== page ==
PARK CTY., MONTANA v. United States, 454 F. Supp. 1 (D. Mont. 1978)

US District Court for the District of Montana - 454 F. Supp. 1 (D. Mont. 1978)
March 20, 1978

454 F. Supp. 1 (1978)

PARK COUNTY, MONTANA, and Sweet Grass County, Montana, political subdivisions of the State of Montana, Plaintiffs,
UNITED STATES of America, Acting By and Through the SECRETARY OF AGRICULTURE and the Forest Supervisor of the Gallatin National Forest, and all other persons, known or unknown, claiming or who might claim any right, title, estate or interest in, or lien or encumbrance upon the real property described in the Complaint, or any part thereof, adverse to the plaintiffs' ownership, or any cloud upon the plaintiffs' title thereto, whether such claim or possible claim be present or contingent, including any claim or possible claim of dower, inchoate or accrued, or elective share of a surviving spouse, Defendants,
Cross Creek Protective Association, Defendant-Intervenor.

No. CV-76-125-BLG.

United States District Court, D. Montana, Billings Division.

March 20, 1978.

*2 Conrad B. Fredricks, Sp. Deputy County Atty., Big Timber, Mont., for Sweet Grass County Atty. Kenneth R. Olson, and Park County Atty. Jack C. Yardley, plaintiffs.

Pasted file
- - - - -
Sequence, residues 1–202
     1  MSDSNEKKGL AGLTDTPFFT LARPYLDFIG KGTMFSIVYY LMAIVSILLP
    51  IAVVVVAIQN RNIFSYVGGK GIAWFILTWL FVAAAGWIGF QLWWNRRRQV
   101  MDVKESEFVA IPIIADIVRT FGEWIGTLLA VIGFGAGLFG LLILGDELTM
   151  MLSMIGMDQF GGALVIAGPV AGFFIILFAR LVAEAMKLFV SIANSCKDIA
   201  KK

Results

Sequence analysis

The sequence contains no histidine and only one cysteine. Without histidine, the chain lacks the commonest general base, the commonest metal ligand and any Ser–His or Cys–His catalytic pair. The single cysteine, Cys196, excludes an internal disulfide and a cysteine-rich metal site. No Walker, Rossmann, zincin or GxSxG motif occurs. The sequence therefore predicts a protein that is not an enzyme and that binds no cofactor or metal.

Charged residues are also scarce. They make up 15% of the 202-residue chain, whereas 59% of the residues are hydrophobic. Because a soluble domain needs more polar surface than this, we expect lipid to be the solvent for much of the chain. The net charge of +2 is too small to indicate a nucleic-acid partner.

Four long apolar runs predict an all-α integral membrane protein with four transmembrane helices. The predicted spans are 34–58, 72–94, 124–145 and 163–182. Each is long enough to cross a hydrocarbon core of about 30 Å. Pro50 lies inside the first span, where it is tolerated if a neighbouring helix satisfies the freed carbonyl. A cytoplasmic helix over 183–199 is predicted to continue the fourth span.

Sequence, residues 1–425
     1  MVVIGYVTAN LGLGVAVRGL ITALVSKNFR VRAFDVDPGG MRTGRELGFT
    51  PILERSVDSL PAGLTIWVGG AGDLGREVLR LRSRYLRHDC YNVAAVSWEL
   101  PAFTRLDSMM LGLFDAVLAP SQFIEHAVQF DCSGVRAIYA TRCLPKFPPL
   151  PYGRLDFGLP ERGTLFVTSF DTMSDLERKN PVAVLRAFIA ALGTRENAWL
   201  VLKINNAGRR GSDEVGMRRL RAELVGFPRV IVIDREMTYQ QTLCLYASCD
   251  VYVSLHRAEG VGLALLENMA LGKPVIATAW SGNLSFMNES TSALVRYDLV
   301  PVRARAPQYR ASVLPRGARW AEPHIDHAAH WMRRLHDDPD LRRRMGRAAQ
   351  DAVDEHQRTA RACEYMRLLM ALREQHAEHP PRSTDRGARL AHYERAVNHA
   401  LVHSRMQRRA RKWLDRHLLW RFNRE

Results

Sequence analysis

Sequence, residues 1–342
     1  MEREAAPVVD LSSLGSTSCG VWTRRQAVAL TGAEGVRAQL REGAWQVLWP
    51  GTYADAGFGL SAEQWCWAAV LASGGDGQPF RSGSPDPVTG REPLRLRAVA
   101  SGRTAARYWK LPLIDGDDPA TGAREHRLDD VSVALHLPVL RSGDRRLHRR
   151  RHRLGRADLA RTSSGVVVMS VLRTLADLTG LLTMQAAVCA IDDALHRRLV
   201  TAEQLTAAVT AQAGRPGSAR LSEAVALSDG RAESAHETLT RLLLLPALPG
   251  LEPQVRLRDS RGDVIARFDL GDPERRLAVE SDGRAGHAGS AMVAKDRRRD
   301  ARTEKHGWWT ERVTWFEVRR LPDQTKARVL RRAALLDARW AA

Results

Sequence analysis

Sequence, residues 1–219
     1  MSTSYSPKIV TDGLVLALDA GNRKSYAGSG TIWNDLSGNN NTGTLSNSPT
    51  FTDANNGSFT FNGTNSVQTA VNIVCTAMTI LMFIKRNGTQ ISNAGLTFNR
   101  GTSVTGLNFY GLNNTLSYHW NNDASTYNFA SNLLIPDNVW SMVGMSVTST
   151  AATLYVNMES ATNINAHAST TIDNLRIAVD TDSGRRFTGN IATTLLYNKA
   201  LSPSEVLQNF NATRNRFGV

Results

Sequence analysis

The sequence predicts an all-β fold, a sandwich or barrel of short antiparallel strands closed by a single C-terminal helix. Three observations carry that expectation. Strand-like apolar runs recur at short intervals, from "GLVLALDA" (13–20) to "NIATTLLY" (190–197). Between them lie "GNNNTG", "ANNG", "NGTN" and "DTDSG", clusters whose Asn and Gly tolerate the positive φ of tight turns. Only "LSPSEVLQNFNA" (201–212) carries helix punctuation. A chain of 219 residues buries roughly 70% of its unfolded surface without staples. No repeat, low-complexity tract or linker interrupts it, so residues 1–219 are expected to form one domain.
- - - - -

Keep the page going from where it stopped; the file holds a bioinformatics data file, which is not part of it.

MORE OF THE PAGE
Roy E. Murray, Asst. U. S. Atty., Butte, Mont., for defendants.

James H. Goetz, Goetz & Madden, Bozeman, Mont., for defendant-intervenor.


BATTIN, District Judge.

The plaintiff counties have filed an action seeking to quiet title to certain lands located within the boundaries of the Gallatin National Forest. The land in question is a purported road right-of-way alleged to have been established by a survey conducted in 1893. The road supposedly established a route from Chimney Rock Pass, generally following what has now been designated as Forest Service Trail No. 184, to a point where it joins another road said to have been established. The joining trail runs from the vicinity of the Hidden Treasure Mine across the Boulder River Basin through the Slough Creek Divide and down Slough Creek to Lake Abundance Creek, generally following a route designated as Forest Service Trail No. 104. The United States has moved the Court to dismiss this action for lack of jurisdiction. The motion is supported by a brief. Likewise, defendant intervenor, Cross Creek Protective Association, has moved for summary judgment, with a supporting brief. The basis of both motions is the assertion that plaintiffs are barred from bringing the present action by the provisions of 28 U.S.C. § 2409a(f). The Court, having considered the motions, finds that the case is a proper case for disposition by summary judgment in that there are no material facts in dispute and that defendants are entitled to judgment in their favor as a matter of law. Rule 56, Federal Rules of Civil Procedure.